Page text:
Skip navigation

no spam, unsubscribe anytime.
Skip navigation

I was 39 years old, married with 3 kids ages 8, 5 and 2, when I got my diagnosis; stage 2b, estrogen negative breast cancer with lymph nodes involved. I was surprised when a deacon at my church asked that I make every effort to make it to church every week, regardless of how I am feeling. He pointed out that it is very important for people to see sick people serving, and he is the best example of that! All through my treatments I would continue my task of calling the children forward to the alter every other week to do a children's message. I surprised even myself that I was able to attend every single week! There were times when I had to leave a little early, and I knew I would be wiped out for the rest of the day, but I looked forward to it. Some weeks it was the only time I went out besides my Dr's appointments. After a while I grew tired of the wigs and scarves, and actually went in front of the congregation with nothing on my head but glitter.

After 4 months of chemo, a double mastectemy with reconstruction, and 6 weeks of radiation, I am so glad that the kids can look at me and know that cancer is something that you can, indeed, go through and come out the other side. I really pray that the next time that someone they know gets the diagnosis of cancer, they will have the hope that they will come through a long, hard journey and still be here to love them and not jump to the conclusion that it is a death sentence.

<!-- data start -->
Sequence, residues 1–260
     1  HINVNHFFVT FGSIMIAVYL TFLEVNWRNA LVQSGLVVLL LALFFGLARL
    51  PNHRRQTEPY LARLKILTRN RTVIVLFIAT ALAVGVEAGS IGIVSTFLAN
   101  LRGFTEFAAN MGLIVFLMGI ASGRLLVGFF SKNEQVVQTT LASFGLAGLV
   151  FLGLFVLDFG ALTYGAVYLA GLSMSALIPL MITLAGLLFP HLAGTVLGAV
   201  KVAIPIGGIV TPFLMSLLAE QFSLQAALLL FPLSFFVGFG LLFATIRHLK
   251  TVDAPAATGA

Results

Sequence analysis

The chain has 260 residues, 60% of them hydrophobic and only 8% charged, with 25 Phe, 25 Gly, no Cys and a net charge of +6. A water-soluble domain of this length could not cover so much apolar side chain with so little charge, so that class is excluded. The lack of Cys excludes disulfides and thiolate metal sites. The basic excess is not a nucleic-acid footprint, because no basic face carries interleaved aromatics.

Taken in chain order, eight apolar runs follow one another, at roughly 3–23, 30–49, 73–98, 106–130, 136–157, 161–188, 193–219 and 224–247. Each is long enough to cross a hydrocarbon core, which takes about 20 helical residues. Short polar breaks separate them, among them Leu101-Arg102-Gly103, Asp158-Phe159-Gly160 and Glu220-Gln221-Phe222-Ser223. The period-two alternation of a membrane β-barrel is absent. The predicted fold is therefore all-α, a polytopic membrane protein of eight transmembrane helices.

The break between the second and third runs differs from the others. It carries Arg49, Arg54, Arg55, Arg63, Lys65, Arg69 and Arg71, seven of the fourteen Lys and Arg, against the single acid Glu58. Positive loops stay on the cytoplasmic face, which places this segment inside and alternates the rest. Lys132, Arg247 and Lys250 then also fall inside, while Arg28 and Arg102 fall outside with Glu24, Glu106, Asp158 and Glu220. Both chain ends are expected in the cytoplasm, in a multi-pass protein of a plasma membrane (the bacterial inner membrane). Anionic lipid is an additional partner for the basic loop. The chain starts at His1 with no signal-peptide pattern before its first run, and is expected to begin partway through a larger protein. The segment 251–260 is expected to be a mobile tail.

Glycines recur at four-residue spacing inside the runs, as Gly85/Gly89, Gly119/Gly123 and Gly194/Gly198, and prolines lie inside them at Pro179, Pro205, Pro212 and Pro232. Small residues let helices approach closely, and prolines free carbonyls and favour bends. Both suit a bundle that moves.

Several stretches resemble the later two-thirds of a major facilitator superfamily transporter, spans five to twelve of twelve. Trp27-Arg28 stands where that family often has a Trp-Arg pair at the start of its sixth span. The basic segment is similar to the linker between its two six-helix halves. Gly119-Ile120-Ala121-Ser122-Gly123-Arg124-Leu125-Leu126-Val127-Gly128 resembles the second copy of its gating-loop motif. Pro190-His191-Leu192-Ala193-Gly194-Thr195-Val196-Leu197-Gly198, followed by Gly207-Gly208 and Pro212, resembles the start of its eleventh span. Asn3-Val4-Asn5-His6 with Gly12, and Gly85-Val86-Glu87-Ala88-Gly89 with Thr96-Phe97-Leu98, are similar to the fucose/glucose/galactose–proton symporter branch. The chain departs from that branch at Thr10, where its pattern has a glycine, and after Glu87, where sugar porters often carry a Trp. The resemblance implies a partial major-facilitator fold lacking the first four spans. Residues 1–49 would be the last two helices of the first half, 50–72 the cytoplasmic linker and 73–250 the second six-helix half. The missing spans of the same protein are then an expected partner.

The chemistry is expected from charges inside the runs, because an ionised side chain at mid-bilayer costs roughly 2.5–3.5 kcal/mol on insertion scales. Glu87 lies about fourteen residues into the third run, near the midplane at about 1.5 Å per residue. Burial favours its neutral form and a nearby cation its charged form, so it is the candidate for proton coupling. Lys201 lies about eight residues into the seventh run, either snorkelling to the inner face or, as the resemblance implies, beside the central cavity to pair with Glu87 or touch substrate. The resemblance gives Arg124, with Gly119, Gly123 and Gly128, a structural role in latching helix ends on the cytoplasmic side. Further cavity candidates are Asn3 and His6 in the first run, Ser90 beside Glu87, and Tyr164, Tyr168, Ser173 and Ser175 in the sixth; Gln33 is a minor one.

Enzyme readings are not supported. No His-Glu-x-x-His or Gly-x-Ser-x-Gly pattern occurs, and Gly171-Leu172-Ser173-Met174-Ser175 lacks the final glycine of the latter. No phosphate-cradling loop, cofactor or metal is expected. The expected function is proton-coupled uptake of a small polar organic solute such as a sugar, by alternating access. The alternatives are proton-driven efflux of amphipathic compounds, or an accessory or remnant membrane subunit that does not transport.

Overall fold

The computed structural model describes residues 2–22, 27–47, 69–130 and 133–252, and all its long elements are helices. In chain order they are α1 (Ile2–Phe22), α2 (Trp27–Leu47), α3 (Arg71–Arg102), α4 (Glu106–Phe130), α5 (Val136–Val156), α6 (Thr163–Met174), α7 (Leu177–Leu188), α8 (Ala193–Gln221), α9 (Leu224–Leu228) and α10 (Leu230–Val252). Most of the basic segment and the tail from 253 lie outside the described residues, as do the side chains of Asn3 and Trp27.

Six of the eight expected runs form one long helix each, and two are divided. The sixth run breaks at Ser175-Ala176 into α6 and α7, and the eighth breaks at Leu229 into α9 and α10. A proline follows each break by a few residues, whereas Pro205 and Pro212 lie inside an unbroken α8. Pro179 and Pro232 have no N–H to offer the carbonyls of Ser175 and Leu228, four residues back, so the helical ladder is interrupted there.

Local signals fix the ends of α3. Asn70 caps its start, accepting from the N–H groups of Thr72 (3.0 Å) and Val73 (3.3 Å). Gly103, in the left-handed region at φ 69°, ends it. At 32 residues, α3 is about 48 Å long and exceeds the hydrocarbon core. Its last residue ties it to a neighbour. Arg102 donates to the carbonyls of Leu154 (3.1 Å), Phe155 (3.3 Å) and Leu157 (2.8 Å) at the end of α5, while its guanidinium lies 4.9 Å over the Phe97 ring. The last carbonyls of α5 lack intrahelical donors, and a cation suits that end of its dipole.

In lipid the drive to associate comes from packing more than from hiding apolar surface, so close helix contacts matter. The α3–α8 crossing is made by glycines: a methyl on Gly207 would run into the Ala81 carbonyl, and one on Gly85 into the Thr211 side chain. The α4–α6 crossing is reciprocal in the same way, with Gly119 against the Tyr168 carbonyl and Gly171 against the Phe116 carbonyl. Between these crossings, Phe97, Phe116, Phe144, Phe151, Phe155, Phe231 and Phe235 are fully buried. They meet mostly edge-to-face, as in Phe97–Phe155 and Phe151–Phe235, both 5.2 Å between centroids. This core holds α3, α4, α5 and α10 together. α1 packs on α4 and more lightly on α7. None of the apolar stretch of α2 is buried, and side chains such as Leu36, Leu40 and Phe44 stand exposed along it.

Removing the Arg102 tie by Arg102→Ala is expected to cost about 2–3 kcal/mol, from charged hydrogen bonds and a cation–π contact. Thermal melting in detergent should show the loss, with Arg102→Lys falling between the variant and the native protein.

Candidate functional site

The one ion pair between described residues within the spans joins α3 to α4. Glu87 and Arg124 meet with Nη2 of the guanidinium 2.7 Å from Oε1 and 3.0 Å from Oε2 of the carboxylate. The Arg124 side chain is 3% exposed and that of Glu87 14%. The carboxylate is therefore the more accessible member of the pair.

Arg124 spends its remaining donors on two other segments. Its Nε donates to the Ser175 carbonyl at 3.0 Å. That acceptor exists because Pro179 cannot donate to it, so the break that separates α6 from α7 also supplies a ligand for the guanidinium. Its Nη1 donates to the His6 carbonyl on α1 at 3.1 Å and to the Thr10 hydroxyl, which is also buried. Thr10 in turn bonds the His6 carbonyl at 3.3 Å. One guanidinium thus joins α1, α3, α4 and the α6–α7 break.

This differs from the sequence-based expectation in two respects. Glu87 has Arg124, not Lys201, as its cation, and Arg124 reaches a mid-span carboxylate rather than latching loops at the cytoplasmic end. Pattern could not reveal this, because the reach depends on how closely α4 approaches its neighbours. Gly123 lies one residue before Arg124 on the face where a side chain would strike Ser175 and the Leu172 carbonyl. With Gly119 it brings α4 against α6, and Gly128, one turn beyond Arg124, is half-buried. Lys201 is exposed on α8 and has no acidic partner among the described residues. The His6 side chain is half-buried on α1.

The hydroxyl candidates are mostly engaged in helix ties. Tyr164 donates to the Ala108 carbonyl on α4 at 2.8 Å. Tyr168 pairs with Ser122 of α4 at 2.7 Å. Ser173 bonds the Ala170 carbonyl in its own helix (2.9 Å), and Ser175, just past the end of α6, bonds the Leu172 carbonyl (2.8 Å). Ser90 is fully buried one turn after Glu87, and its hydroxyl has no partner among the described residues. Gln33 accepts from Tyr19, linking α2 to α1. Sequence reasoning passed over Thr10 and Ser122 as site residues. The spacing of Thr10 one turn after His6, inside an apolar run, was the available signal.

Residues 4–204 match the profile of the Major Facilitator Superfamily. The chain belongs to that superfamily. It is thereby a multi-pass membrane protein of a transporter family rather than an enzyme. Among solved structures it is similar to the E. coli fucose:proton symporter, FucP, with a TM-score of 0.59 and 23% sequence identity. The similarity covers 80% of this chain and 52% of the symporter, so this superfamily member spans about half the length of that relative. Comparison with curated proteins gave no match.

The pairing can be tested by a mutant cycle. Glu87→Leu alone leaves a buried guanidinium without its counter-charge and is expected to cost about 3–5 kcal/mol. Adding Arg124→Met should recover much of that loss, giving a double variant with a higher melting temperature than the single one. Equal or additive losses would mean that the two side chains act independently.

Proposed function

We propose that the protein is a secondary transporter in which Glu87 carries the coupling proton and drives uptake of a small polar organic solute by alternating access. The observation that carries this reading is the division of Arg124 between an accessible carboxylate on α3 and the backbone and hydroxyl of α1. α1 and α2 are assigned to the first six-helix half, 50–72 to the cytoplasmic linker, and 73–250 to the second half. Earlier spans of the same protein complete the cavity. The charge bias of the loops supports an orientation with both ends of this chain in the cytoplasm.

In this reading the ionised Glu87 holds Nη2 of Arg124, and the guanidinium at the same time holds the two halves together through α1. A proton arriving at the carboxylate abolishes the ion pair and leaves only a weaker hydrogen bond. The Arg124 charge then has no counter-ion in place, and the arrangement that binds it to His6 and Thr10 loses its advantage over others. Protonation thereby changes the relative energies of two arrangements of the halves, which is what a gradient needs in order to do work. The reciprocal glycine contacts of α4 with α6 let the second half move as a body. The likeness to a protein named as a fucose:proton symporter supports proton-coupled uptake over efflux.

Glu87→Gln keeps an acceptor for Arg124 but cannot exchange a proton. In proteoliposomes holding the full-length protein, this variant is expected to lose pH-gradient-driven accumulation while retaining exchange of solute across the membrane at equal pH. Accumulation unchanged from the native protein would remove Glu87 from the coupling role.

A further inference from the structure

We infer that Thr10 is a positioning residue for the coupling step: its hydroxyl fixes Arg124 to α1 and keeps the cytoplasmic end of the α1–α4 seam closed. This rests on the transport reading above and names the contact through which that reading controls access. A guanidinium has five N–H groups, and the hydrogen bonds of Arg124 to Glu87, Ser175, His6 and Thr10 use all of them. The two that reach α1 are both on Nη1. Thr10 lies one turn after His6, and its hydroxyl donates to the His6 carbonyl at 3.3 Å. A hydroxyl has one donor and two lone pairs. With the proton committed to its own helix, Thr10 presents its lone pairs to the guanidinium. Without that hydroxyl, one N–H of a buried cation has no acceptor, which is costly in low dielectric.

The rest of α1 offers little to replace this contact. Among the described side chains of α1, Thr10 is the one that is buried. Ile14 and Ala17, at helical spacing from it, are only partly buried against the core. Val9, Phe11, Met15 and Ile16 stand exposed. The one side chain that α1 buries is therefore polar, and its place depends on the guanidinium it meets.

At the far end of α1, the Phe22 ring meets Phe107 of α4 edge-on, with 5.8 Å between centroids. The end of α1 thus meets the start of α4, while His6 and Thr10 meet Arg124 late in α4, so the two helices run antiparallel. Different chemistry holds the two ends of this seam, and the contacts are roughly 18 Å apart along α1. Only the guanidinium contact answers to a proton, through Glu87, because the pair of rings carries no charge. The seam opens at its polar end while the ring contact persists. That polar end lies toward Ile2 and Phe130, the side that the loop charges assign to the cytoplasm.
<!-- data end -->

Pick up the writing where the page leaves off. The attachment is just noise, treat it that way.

Now I know that it is important for sick people to serve. We need to be seen.

Maura Bivens
Las Vegas, NV

Read other stories!

Love our Stories of Hope?

You can purchase 100 Inspiring Stories From The Breast Cancer Site for your Kindle. Makes a great gift too!


The Breast Cancer Site Home Page

Your click on the "Click Here to Give - it's FREE" button helps fund free mammograms for women in need — low-income, inner-city and minority women whose awareness of breast cancer and opportunity for help is often limited. Your click is paid for by site sponsors, and mammogram funding is provided to clinics throughout the U.S. through grants distributed by GreaterGood.org. With a simple, daily click of the pink "Click Here to Give - it's FREE" button at The Breast Cancer Site, visitors help to provide free mammograms for women in need. Visitors pay nothing. In addition to clicking the pink "Click Here to Give - it's FREE" button, visitors can help more by shopping in The Breast Cancer Site store. With each item purchased, shoppers generate funds that provide free mammograms for women in need.


     
Super Cozy Fleece Tie-Dye Spirit Bathrobe
Share this page and help fund mammograms: